Environmental engineering company and water expert MWH is working with Dwr Cymru Welsh Water and manufacturers Aqualogic, to produce affordable wall-mounted rainwater harvesting systems that can be fitted to homes to reduce water consumption and down stream flooding.
The initiative is part of the ongoing £800,000 ‘Surface Water Management Strategy’ that aims to reduce the amount of surface water flows that enter the sewers in Wales, and is led by Huw Jones from MWH’s office at Llanishen, Cardiff.
Huw explains: “As part of the Surface Water Management Strategy we are developing a low cost, low tech rainwater harvesting system that will reduce the amount of rainwater entering the sewage system. The water collected will initially be used only for toilet flushing, but this may be extended for garden watering and other external uses that don’t require water of drinking quality.
“We have teamed up with one of Welsh Water’s water efficiency partners Aqualogic, who are designing, testing and manufacturing a series of prototypes at their base in the Wirral, Merseyside. The first of the prototypes has been installed at Cilfynydd sewage treatment works and educational centre in South Wales.”
The lessons learned from the initial trial will be used to inform a larger scale trial. Work is also being undertaken with the Centre for Research into Environment and Health at Aberystwyth University to ensure that any potential public health issues associated with this system are fully explored.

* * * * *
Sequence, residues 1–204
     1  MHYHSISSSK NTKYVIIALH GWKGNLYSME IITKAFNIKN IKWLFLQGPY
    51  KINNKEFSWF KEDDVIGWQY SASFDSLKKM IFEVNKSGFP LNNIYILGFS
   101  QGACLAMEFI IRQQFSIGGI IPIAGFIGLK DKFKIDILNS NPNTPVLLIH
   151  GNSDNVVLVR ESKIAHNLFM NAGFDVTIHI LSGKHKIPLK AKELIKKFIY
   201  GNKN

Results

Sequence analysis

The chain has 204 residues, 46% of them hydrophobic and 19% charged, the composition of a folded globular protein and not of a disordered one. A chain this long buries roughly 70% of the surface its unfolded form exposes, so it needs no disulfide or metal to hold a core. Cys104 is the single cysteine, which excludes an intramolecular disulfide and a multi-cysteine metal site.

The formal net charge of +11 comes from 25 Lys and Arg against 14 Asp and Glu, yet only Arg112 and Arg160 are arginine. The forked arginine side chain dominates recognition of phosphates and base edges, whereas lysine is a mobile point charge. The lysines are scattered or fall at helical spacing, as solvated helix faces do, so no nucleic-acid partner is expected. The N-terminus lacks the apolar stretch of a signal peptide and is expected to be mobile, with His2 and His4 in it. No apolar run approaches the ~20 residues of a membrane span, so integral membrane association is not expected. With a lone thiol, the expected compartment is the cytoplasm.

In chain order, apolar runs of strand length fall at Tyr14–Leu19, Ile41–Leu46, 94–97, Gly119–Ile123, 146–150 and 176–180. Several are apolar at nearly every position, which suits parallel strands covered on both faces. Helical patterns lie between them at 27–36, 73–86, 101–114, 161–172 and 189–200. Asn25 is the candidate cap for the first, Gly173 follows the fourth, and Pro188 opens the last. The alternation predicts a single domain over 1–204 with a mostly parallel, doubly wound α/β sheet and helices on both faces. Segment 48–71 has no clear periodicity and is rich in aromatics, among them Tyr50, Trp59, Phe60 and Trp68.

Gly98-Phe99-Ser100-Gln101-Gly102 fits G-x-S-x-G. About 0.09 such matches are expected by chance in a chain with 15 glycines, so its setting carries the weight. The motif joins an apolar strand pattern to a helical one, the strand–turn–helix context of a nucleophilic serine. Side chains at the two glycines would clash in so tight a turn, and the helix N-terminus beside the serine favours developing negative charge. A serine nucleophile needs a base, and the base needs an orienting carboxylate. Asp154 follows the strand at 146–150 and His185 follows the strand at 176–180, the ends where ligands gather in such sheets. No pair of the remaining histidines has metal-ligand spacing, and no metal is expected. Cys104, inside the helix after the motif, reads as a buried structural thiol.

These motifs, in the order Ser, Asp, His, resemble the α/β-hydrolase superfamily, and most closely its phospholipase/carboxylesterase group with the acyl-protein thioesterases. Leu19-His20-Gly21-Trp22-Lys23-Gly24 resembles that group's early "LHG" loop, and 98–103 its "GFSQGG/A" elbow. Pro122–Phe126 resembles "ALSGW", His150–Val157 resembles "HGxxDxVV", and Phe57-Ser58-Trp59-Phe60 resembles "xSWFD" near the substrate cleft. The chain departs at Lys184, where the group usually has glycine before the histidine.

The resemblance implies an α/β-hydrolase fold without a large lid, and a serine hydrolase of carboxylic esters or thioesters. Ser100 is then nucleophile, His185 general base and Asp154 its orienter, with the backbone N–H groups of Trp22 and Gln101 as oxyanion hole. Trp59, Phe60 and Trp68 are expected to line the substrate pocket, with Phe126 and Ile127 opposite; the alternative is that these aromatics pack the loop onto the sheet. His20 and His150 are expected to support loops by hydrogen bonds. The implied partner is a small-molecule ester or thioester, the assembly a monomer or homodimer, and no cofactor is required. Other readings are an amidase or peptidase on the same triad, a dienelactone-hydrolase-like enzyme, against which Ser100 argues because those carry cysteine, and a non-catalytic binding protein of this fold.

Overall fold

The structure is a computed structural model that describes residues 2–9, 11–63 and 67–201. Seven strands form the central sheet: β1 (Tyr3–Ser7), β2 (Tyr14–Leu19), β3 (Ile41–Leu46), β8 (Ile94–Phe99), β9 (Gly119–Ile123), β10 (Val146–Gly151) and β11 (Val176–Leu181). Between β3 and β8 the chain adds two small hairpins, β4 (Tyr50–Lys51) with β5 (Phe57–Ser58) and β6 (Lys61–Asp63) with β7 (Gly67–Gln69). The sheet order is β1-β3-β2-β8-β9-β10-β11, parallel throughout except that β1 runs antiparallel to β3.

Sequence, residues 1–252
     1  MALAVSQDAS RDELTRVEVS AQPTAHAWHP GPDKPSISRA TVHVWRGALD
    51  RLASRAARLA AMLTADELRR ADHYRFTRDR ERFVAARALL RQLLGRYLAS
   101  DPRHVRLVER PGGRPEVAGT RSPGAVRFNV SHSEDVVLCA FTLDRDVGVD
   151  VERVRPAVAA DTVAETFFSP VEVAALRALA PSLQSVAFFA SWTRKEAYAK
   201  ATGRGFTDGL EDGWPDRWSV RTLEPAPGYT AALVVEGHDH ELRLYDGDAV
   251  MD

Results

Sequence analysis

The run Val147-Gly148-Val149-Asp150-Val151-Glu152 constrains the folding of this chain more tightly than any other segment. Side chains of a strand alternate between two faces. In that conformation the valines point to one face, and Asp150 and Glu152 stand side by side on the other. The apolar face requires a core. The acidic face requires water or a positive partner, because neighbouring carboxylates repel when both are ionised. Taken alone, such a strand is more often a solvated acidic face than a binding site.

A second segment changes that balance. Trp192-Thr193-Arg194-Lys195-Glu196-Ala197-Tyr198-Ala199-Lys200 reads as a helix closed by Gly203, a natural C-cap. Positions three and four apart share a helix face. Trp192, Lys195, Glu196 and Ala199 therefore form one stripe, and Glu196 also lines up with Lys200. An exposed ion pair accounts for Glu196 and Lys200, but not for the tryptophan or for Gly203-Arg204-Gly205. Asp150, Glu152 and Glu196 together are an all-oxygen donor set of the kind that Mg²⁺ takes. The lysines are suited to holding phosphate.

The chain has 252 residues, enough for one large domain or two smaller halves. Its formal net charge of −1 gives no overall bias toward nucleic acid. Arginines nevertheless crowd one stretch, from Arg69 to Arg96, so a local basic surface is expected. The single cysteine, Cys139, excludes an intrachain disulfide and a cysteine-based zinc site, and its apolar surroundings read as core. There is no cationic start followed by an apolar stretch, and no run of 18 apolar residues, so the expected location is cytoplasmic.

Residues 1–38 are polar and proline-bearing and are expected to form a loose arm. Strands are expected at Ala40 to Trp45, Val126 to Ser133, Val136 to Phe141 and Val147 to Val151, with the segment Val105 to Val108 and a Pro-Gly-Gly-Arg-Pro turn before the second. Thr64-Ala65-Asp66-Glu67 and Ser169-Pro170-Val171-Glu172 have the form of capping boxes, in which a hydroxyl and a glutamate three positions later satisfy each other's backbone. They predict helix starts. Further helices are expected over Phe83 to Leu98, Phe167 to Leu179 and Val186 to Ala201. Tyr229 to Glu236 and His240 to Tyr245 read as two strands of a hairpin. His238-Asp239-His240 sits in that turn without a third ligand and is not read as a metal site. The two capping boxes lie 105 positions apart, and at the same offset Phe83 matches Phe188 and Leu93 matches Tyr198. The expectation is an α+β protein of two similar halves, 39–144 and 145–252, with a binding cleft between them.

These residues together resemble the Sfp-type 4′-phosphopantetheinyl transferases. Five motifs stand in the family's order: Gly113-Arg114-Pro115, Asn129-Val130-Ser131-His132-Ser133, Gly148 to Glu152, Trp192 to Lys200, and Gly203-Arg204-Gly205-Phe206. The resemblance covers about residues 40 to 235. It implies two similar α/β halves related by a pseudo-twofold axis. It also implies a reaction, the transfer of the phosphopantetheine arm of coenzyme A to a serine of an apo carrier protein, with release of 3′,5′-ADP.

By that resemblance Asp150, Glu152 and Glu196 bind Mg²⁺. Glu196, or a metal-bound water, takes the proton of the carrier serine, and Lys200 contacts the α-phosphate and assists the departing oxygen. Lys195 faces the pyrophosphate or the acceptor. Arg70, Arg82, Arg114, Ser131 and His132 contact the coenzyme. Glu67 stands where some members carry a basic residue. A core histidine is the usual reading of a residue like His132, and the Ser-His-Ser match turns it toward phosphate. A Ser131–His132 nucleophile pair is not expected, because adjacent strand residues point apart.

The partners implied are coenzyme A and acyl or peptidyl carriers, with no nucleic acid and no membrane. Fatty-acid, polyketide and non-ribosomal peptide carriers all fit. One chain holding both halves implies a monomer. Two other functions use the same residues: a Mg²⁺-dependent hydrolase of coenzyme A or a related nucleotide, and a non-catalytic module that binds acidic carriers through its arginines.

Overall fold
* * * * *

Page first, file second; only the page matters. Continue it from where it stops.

Commenting on the system, Aqualogic Director Ben Rice said: “For the first four weeks of installation the equipment will be monitored to see how much rainwater it can harvest, with observations made as to the level of contaminants in the collected water. After this period the system will be plumbed into a WC along with potable (drinking) water to enable it to be used to flush toilets. The system will then be monitored to measure how it reduces water use, however there are technical hurdles to overcome relating to water regulation and water hygiene prior to use outside our controlled environments.”
Principal Engineer Dave Brook from MWH’s Cardiff office has developed the principles behind the system. “Our work suggests that for the target property to which such a system would be fitted, a typical three bedroom terraced house in South Wales, significant savings in the water supplied can be achieved, with relatively small storage tanks.
Short payback time makes system attractive
“Using a small tank size means that the flexible modular system can be wall-mounted, avoiding the need for expensive groundworks and complicated pumping and control systems. For a metered property the average pay back time on such a system should be less than five years.
“This short payback time, which compares favourably with other green technologies such as solar panels or wind turbines, along with the low cost of installation, should mean the system will prove attractive to water customers in Wales and have an impact on down stream flooding incidents.”
Commenting on the project Dave Bayliss of Welsh Water said: “We believe that reducing the quantities of surface water that enter the combined sewerage system is vital, and a rainwater harvesting strategy can be a key part of this, while at the same time reducing customers’ bills.”